maya: Let’s talk about the types of cases the court has been picking up. In her dissent on Friday, Justice Elena Kagan suggested that the most surprising aspect of the student loans decision wasn’t that the court’s conservative majority decided to strike it down, but the fact that it took the case at all. Is there any reason to think that the types of cases the court is agreeing to hear are different? 

ameliatd: We know anecdotally that the Supreme Court is taking more far-reaching questions from conservative plaintiffs than they did in the past (like, for example, if the constitutional right to abortion should be overturned). This term’s case on the independent state legislature theory is another example. And they’re also considering cases that would have been slam-dunks in the past, like this term’s case on the Voting Rights Act. I’m not sure whether term-to-term comparisons are the important ones, either — I tend to think of the court in eras, and this era of the court with six conservative justices has veered to the right on other metrics too.

cooper: I think the decision to hear the case in 303 Creative v. Elenis was telling, too. As you mentioned earlier, Maya, the web designer in the case never had any same-sex couples ask her to design a website. It feels like this case wouldn’t have been taken up in the past, or at least would have been thrown out for lack of standing. But the justices seemed quite eager to rule on the merits of it this term.

gelliottmorris: Right. The Court has never been completely nonideological — that’s unavoidable in a two-party system — but this term really has the vibes of justices taking up cases (and in some instances, not taking them!) to assert ideological priorities. When the court declined in February 2022 to intervene in the case involving Alabama’s congressional map, saying that it was too close to an election, it definitely came off as ideological. (That case became Allen v. Milligan, decided last month.) And it turns out that that decision probably cost Democrats a seat in the House!

ameliatd: To me, it’s interesting to see what has changed before and after former President Donald Trump nominated three justices to the court. There are a couple of places where this is especially instructive:

  • Affirmative action. In 2016, the court ruled in a 4-3 decision that the race-conscious admissions policy at the University of Texas at Austin, was lawful. Only one justice in that majority — Sonia Sotomayor — is still on the bench. (Kagan recused herself from the case because of prior involvement.) All three conservatives in the minority are still here. And this time, they voted in the majority to strike down Harvard and UNC’s race-conscious admissions policies.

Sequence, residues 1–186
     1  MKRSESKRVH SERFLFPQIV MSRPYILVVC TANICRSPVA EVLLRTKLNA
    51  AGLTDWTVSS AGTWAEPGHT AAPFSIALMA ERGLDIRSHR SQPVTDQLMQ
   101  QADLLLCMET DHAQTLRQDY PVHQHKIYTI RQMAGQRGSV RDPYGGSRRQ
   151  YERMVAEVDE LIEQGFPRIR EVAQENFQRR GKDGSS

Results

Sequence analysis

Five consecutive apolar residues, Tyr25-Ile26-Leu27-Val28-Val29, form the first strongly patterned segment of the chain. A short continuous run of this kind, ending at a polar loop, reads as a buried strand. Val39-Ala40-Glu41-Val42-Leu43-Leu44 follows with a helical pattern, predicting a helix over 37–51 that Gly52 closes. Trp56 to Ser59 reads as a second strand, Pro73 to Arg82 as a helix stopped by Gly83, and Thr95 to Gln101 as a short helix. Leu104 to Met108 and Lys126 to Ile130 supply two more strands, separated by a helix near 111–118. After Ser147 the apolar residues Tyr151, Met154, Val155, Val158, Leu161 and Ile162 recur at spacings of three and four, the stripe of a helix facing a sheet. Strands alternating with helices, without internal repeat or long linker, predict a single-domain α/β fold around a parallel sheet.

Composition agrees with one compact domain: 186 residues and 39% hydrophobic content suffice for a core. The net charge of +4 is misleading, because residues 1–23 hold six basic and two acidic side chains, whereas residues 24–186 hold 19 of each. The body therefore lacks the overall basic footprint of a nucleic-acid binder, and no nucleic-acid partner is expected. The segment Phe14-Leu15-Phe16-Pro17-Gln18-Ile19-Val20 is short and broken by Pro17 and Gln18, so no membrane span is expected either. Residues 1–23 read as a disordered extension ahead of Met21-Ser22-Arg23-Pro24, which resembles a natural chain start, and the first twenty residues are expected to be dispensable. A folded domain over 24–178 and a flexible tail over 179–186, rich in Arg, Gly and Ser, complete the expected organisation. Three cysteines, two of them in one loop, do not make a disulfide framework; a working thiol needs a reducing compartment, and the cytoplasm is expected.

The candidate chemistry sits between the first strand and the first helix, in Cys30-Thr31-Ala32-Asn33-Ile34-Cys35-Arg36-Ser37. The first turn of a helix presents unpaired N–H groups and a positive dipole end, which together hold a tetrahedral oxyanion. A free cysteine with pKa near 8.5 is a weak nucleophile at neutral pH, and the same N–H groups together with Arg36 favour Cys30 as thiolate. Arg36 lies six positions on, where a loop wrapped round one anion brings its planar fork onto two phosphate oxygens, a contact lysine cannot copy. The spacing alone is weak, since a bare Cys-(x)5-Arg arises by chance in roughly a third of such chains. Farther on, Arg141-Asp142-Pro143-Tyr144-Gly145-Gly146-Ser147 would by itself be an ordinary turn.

• Anti-LGBTQ discrimination. This is a little more complicated, because the case I’m about to reference — our old friend Masterpiece Cakeshop v. Colorado — is a bit different than the one Cooper just mentioned, but essentially in 2018 the court got a similar question about whether a public business could refuse to serve LGBTQ customers, and the court punted. Roberts and Gorsuch were both in that majority, but this year, Gorsuch wrote the majority opinion in a case that could have really broad implications for anti-discrimination law.

The exception, of course, is the case Elliott just mentioned — about Section 2 of the Voting Rights Act. Chief Justice John Roberts surprised a lot of people by not taking the opportunity to gut part of the VRA, which is what he did back in 2013, when his majority opinion knocked the teeth out of the law’s preclearance requirement, making it possible for states with histories of racial discrimination in voting practices to make new laws without getting the federal government’s sign-off. But it’s interesting to see these issues bouncing back up to the court. Mostly, they’re getting a very different reception.

gelliottmorris: Amelia, you mention affirmative action. The implication here is that the conservative justices haven’t changed their minds over the last X years, the composition of the court just changed enough for them to issue their original decision. If that’s true … that does strike me as the type of thing that would erode confidence in the court (which is already at an all-time low).

ameliatd: It is … assuming that people are aware the shift happened in a particular area of law. Which they’re mostly not, except in big high-profile cases like Dobbs.

maya: Let’s stay on that decision about the Alabama congressional map, which struck me as one of the bigger surprises of the term. What are the different ways to read that decision?

cooper: It’s definitely a big win for Democrats. The decision is likely to result in three or four Black Democrats flipping Republican-held seats in the House of Representatives next election. And those new VRA seats aren’t just for the 2024 election — they’re likely to last many years into the future and will be crucial components in any future Democratic House majority. The decision reads well with the public too — according to SCOTUSPoll, 53 percent of Americans agreed that the lines should be redrawn.